3. Redeploy the code into the runtime environment by issuing a docker-compose command:

    $ docker-compose ????
  4. Run tests.py again:

    $ ./tests.py
  5. Repeat 1 - 3 until tests pass!
  6. Try adding some more sample files and tests.

Contribute the Extractor Tool to the Brown Dog Service

JSON-LD Metadata Requirements

The DTS returns extracted metadata in the form of JSON-LD, with a graph representing the output of each extractor tool. JSON-LD scopes all data to namespaces, which help keep the various tools from using the same keys for results. For example, here is a response that includes just one extractor graph in JSON-LD:

[
  {
    "@context": {
      "bd": "http://dts.ncsa.illinois.edu:9000/metadata/#",
      "@vocab" : "http://dts.ncsa.illinois.edu:9000/extractors/ncsa.cv.caltech101"
    },
    "bd:created_at": "Mon Mar 07 09:30:14 CST 2016",
    "bd:agent": {
      "@type": "cat:extractor",
      "bd:name": "ncsa.cv.caltech101",
      "@id": "http://dts.ncsa.illinois.edu:9000/api/extractors/ncsa.cv.caltech101"
    },
    "bd:content": {
		"@id": "https://dts-dev.ncsa.illinois.edu/files/938373748293",
		"basic_caltech101_score": [
        "-0.813741"
      ],
      "basic_caltech101_category": [
        "BACKGROUND_Google"
      ]
    }
  }
]

 

If your metadata is a simple key/value map, without more depth or ordered elements, such as arrays, then submitting a plain JSON dictionary will be fine. Your metadata will be processed into JSON-LD on the server-side and tagged with your extractor as the software agent. All values returned by your extractor will fall in a namespace particular to your extractor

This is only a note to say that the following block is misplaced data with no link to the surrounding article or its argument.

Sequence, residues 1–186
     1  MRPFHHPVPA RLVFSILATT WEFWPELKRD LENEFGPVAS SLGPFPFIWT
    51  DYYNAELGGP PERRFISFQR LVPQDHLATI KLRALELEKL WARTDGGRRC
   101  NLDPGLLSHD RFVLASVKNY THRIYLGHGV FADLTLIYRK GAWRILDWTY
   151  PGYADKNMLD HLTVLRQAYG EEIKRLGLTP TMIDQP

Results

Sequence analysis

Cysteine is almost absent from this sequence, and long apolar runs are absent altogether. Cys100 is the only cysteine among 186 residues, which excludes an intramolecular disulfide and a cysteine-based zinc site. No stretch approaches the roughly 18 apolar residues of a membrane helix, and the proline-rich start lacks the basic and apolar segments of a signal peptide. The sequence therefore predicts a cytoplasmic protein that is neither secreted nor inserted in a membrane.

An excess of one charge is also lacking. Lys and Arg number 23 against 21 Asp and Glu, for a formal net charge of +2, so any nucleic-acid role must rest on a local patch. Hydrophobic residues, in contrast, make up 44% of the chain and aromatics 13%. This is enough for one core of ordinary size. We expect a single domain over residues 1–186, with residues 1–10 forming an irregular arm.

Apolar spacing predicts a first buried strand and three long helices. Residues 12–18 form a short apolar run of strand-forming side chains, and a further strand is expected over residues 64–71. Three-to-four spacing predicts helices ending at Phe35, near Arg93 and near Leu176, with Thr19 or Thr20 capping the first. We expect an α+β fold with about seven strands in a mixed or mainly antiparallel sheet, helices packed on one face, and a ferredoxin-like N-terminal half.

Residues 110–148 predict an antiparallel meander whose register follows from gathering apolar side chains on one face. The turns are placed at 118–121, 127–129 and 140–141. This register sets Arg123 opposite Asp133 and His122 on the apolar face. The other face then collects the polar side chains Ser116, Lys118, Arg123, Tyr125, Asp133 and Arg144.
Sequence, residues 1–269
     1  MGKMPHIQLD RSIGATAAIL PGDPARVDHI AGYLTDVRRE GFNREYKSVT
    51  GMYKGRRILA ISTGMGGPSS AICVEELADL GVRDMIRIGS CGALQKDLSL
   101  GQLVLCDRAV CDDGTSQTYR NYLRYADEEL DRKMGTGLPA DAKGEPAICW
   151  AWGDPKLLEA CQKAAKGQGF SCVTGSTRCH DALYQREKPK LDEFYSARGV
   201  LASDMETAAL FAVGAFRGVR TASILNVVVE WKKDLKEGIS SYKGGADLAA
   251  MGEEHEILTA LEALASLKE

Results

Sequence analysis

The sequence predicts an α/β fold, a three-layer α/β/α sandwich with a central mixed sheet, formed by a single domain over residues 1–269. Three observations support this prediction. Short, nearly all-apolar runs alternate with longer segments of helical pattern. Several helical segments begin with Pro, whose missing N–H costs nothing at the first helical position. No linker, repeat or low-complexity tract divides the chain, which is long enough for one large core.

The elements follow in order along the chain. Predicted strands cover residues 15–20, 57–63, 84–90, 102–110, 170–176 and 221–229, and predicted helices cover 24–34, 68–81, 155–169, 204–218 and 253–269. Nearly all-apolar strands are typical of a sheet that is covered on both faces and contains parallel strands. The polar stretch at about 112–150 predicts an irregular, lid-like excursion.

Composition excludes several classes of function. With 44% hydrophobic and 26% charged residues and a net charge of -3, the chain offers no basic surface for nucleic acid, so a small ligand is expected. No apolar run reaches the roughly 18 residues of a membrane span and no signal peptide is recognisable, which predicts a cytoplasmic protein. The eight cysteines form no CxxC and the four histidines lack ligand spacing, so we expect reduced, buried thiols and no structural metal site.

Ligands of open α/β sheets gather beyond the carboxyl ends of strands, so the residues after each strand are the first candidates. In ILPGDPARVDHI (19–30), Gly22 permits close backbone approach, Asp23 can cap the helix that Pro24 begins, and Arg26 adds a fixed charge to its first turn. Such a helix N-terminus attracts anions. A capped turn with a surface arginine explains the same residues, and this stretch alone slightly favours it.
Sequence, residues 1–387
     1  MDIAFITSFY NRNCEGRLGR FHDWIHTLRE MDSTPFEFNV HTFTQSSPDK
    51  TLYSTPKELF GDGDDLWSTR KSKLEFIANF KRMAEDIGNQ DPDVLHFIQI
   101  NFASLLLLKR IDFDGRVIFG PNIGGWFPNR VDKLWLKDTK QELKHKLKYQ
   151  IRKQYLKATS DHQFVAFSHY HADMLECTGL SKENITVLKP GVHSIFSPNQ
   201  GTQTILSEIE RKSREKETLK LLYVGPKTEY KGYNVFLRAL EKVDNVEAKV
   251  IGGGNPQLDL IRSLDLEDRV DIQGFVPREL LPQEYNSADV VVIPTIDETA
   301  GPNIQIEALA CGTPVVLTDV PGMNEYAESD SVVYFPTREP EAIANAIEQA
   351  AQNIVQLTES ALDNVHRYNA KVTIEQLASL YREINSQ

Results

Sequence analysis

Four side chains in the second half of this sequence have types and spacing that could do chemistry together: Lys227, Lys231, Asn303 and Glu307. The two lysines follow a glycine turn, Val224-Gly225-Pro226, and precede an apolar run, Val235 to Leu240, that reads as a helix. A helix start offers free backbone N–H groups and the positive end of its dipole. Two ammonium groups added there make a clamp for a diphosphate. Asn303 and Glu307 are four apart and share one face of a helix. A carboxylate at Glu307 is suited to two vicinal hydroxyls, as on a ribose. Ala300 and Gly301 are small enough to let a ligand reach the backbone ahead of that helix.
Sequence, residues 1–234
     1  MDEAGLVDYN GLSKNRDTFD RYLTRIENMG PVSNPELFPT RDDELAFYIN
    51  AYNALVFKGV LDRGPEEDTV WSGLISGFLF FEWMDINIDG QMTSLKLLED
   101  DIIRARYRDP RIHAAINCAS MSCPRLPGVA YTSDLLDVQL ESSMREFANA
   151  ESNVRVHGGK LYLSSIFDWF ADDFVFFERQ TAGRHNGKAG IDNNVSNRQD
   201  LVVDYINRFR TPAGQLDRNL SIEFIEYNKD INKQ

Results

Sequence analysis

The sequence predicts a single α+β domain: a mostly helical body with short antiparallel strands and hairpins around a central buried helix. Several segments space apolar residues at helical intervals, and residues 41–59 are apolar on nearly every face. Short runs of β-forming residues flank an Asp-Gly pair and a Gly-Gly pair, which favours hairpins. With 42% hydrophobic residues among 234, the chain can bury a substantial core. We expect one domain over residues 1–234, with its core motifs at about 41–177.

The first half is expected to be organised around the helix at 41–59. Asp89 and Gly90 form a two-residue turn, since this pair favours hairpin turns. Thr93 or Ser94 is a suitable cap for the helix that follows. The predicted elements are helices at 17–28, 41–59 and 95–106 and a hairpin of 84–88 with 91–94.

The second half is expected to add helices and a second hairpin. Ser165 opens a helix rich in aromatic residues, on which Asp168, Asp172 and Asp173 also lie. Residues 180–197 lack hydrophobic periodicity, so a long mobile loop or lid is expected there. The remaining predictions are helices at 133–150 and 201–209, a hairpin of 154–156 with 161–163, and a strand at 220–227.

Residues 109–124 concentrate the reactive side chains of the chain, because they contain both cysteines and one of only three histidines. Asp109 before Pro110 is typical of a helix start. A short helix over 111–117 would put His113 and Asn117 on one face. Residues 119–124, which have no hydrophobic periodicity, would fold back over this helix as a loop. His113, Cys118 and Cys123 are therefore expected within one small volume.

Other Extractor Guidelines

  • Handling failure gracefully
  • How to use Key/Value pairs
  • Different kinds of output data
  • JSON-LD
  • ??
  • No labels

5 Comments

  1. Needs instructions for creating a Clowder account for testing, inc. how to find the email verification link in "docker logs".

  2. Also write extractor/converter logs to the console. Then developer can use "docker logs" to view the log messages from the host command line, instead of having to attach to the container

    1. I was of the perception that we would need to run tests.py from the command line interface and hence ran docker-compose in the background to free the command line of logs. Is this not the case?

      1. yes, I agree. They can use the "docker logs xxxx" command on demand, whenever they need to inspect the console.

  3. Order of docker operations in Dockerfile matters. It will start from the last valid cached step.